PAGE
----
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Lessons from a Success Story: Private Port Operators in Latin America and the Caribbean

In the midst of COVID-19, maritime transportation remains essential to the world economy. Ports operated by the private sector have historically shown better performance as well as more flexibility and faster adoption of new technologies, key factors for a strong recovery from the current economic crisis.
AGOSTO 18 2020


At a time of economic gloom, the role of private sector in the management of commercial ports in Latin America and the Caribbean (LAC) is a success story that provides lessons to ensure the supply of food and essential goods in the region.

Maritime transport is essential to the world’s economy as over 80% of the world’s trade is carried by sea, and LAC accounts for 7% of total container cargo worldwide, which roughly represents the region's share of global GDP.

However, most developing countries have been challenged with poor port infrastructure and management, leading to low productivity and expensive operations. The solution, since the 1980s, has been the rise of Public-Private Partnerships (PPP) that leave port authorities as owners, but put the private sector in charge of operations.

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Across the world, PPP have proved themselves useful to address cargo containerization trends, shortcomings in efficiency and outdated infrastructures. LAC has been no exception: PPP are now the norm for multi-purpose or container cargo port terminals. 92% of TEUs in the region are moved from/to PPP ports, which account for 83% of container terminals in the region.

According to IDB’s estimates, in the last decade there has been an average of three new PPP port projects developed per year, typically landlord agreements on existing infrastructure implemented through competitive tendering processes. Until 2019, most PPP were financially self-sustaining, providing a revenue stream for governments from fixed or revenue based payments, thus generating fiscal space to address other public needs.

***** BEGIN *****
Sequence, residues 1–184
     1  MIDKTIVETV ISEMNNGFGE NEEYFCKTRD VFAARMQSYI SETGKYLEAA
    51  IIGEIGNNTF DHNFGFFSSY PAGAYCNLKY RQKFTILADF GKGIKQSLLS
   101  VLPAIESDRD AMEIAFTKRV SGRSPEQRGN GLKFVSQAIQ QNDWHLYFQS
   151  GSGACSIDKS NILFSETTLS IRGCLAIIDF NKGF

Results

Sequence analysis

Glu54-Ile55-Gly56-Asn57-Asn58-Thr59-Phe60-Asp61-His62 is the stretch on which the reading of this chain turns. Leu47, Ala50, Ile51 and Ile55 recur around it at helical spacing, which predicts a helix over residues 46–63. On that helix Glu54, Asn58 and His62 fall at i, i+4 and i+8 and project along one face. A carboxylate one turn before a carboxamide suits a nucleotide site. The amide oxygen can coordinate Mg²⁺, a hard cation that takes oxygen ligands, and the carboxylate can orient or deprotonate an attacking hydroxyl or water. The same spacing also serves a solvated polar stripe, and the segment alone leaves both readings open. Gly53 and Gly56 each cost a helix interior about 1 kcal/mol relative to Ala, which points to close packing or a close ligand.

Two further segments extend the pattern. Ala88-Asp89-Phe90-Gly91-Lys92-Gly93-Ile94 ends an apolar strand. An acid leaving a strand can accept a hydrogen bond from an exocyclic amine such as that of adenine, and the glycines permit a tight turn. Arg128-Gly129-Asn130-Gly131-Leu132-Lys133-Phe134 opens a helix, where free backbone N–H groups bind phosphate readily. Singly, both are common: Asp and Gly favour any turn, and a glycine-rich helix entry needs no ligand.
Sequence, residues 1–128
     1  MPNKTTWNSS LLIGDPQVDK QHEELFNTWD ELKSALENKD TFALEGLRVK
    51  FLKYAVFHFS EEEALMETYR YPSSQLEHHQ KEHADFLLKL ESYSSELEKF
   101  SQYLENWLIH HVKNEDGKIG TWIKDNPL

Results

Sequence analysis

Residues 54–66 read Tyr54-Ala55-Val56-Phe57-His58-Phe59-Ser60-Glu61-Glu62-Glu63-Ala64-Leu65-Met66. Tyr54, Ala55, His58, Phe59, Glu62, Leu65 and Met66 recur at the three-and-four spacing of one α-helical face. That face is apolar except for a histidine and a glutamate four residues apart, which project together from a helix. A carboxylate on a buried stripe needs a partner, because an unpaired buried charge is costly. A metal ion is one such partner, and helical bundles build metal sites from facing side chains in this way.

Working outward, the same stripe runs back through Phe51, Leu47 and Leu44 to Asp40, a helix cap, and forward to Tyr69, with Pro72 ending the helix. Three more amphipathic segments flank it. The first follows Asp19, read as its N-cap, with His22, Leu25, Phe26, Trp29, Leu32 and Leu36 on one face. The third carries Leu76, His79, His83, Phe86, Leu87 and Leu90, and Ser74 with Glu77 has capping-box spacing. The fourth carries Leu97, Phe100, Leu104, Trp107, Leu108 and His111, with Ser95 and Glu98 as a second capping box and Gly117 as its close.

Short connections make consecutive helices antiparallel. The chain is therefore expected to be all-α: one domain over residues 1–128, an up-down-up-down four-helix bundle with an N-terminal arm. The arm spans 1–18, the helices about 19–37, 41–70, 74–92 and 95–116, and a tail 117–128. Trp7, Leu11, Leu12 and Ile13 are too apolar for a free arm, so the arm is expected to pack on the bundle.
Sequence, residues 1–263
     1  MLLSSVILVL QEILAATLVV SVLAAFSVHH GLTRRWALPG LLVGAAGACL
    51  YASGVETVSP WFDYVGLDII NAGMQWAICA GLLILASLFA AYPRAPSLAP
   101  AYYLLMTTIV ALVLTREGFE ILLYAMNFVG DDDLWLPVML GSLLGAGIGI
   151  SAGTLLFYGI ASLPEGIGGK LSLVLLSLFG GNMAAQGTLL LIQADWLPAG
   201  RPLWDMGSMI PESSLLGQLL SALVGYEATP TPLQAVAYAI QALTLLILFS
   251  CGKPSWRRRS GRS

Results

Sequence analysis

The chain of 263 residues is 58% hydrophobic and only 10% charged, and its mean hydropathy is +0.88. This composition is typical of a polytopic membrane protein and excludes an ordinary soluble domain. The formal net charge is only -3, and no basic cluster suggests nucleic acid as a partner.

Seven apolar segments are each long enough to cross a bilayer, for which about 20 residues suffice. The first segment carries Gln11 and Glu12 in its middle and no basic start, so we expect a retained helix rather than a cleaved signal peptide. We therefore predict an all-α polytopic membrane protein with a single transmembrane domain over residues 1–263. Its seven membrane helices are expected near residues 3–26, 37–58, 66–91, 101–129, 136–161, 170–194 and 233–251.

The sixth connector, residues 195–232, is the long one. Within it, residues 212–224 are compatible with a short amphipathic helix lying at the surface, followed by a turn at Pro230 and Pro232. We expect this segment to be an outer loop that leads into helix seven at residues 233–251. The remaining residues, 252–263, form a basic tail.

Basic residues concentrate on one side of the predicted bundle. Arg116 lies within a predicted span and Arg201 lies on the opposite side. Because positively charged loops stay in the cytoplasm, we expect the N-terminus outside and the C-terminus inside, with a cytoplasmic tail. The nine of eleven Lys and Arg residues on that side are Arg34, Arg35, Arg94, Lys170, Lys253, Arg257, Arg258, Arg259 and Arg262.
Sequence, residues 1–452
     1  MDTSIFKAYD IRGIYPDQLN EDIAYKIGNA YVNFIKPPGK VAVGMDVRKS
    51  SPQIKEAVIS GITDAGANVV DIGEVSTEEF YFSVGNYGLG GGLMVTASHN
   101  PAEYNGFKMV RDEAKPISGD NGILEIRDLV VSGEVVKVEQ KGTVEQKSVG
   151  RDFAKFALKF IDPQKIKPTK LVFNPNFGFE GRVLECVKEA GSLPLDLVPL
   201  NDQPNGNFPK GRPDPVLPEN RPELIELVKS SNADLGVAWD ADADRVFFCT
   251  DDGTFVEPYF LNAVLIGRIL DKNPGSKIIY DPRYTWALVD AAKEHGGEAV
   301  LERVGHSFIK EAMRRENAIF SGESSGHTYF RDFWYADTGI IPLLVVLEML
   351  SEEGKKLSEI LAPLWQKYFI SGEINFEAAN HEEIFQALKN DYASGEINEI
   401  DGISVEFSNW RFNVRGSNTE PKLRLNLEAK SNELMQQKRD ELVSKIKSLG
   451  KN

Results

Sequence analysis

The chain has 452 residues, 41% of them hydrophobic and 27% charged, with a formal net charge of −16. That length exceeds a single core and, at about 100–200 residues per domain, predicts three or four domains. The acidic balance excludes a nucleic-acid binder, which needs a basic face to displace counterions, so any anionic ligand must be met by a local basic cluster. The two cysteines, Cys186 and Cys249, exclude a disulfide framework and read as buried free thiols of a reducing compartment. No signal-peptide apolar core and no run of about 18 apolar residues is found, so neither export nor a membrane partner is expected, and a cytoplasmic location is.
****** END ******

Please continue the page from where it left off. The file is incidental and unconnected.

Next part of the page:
Private port operation has improved LAC's competitiveness through remarkable increases in efficiency and productivity in cargo management. Particularly, since the turn of the century, ports in Latin America and the Caribbean have increased their operational efficiency by more than 20%. Data shows private sector participation and port competition is correlated with higher levels of operational and economic performance, and better maintained ports.


As COVID-19 has battered economies, the leading role of the private sector in incorporating technological advancements will be key for ensuring safety in the terminals, protecting food security, the supply of essential consumer goods and trade. The pandemic has only heightened the need of technology to allow remote operation and autonomous computer control, and the private sector is well positioned to further deploy these advancements. Examples range from paperless and remotely stationed operations to automated crane handling, autonomous or remote pilotage, automated shuttling of containers and blockchain-enabled digital shipping platforms.

A key, well-known takeaway is that public sector projects aiming for private sector involvement must be structured through an adequate regulatory and institutional framework. They must also align incentives to maximize social returns. Risks need to be thoroughly identified and efficiently allocated – particularly since COVID-19 makes risk identification and management key for infrastructure projects.

Lessons learned from previous PPP indicate that robust technical teams on the public side are critical for the correct identification, structuring, tendering and implementation of projects and for ensuring high standards of asset performance and service provision. In fact, there is a close relationship between regulatory quality, compliance, government effectiveness and infrastructure efficiency.

Multilateral institutions also have a relevant role: not only in providing and mobilizing financing resources to these projects, but also in supporting governments. Evidence shows that multilateral financing increases the number of lenders of a project as well as the average maturity of syndicated loans, making them more affordable. Some recent examples are Puerto Antioquia in Colombia, Puerto Posorja in Ecuador, and Kingston Container Terminal in Jamaica (check out our recent case study on this project here), all financed by IDB Invest.

The past sheds light on the future: in the midst of COVID-19 and beyond, the role of the private sector – supported by robust public counterparts – is and will be more relevant than ever, and multilaterals will continue to have a key role in providing assistance, financing and mobilizing resources to successfully materialize these investments while maximizing social returns.







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